• You need to build CI/CD pipelines for each service. This can be time-consuming and complicated.

  • You must test automation for each database. This adds a step to data engineering development.

  • It installs an increased complexity of the architecture and operations. This could cause you to pay fees late or oversee certain database providers.

How we helped HyreCar move away from legacy architecture

Legacy architecture can cause systems to crash often as their user base grows. This was the case with HyreCar, a peer-to-peer car-sharing platform that connects car owners with rideshare drivers. 

This growing business struggled to scale at the same speed as its growth. Since HyreCar’s architecture didn’t support database scalability, the team reached out to us for help.

At first, the NaNLABS team successfully completed the migration from a monolithic application into a NodeJS cloud-based platform. This allowed HyreCar to grow its user base by 5x. We also introduced TypeScript and GraphQL into the tech stack.

In terms of data stores, the app was mostly built on top of relational databases. Since the database selection needs to be a very conscious process, we stuck to Amazon RDS for most of the services. However, we included AWS DynamoDB to handle one of the services: message car brokers.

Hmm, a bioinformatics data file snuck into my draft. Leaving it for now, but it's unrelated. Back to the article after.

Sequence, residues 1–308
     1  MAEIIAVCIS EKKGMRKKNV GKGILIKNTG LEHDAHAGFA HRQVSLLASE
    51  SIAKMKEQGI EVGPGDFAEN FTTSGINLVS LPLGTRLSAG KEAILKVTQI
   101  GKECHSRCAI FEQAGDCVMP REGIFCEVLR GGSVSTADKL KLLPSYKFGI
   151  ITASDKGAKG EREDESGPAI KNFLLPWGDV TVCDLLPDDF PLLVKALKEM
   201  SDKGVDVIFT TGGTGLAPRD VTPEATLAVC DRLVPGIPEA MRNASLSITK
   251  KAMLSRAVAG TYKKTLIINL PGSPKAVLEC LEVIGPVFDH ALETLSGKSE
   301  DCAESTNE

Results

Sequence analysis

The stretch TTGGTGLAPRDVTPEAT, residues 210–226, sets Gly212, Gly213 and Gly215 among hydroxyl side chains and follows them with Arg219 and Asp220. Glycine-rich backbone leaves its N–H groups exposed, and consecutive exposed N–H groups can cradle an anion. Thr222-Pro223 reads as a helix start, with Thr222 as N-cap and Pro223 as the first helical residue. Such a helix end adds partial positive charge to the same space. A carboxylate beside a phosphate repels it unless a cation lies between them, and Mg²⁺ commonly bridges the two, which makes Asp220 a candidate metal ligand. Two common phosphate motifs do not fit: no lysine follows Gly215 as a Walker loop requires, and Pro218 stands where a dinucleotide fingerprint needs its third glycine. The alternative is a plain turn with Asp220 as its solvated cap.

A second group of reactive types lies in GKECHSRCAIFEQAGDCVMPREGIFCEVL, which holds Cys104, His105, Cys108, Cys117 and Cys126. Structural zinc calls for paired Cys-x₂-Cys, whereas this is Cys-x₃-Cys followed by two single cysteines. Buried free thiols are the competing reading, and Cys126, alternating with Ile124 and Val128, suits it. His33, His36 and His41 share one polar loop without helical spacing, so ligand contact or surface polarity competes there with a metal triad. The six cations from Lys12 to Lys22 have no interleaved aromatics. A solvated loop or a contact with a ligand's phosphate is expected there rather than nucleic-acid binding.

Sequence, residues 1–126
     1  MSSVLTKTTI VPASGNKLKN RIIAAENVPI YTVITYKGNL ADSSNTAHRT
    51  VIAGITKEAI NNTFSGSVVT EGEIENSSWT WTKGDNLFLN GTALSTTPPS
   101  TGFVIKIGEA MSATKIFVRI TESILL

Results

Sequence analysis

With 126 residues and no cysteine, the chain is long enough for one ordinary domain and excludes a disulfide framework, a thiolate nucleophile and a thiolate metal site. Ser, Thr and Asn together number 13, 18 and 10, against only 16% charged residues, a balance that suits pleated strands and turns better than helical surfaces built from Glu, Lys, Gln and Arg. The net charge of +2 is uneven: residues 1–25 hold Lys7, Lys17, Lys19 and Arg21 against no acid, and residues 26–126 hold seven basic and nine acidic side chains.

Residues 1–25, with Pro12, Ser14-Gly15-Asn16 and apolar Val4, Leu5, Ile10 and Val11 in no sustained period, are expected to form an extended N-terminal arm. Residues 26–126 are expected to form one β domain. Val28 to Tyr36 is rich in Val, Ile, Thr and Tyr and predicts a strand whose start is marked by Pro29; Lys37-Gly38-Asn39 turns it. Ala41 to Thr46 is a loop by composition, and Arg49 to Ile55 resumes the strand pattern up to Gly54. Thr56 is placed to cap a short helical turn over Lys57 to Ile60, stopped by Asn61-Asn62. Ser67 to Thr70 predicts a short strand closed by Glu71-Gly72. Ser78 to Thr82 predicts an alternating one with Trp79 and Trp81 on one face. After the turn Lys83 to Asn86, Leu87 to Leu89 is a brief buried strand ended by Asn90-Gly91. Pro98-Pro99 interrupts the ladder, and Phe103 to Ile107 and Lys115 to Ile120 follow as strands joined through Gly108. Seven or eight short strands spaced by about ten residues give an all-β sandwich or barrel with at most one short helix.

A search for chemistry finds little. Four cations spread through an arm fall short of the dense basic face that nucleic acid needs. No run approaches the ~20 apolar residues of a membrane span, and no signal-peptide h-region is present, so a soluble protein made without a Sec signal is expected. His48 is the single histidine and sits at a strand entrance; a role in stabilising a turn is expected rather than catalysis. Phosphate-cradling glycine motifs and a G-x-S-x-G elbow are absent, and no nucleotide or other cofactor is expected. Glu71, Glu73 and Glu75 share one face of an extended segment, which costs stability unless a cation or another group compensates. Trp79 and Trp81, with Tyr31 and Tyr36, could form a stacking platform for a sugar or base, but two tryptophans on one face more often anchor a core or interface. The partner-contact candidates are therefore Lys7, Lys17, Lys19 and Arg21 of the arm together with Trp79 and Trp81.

We know this doesn’t look like a polyglot application at first sight. However, polyglot persistence doesn’t mean using ten different databases. Instead, it means to choose purpose-specific databases—even if that means using a NoSQL database for a single service. 

Also, we like to use this example because we believe it shows our team’s expertise. Every time they work as an augmented team, they analyze the trade-offs of potential technology before settling on a stack, while still following the client’s intentions. 

Here’s how HyreCar’s web app database architecture turned up:

HyreCar Database Architecture Design Example

With NaNLABS on board, HyreCar migrated to a microservice architecture. This resulted in improved velocity and business growth without impacting day-to-day business capabilities.

Need to revamp your software architecture?

In summary, what can we learn from the database architectures of top-performing companies?

As seen, big enterprises like Bank of America, Facebook, and Netflix have adopted a polyglot architecture to be more scalable, resilient, and performant.

While going for a polyglot database architecture can cause you to lose agility at the beginning, this approach future-proofs your software. And, when it comes to database selection, you need to determine which trade-offs make sense for your business. 

Taking the mentioned companies as examples, we can agree that designing applications with a polyglot database architecture is a data engineering best practice. The more flexible your design is, the more resilient your platform will be in the future. 

If your architecture doesn’t support your user base and you need an extra pair of hands to migrate to a polyglot design, augment your team with NaNLABS. 

We care deeply about each of our clients’ success. That’s why we come up with ideas, flag potential issues, and work alongside your team to solve your architectural problems. 

Sounds good?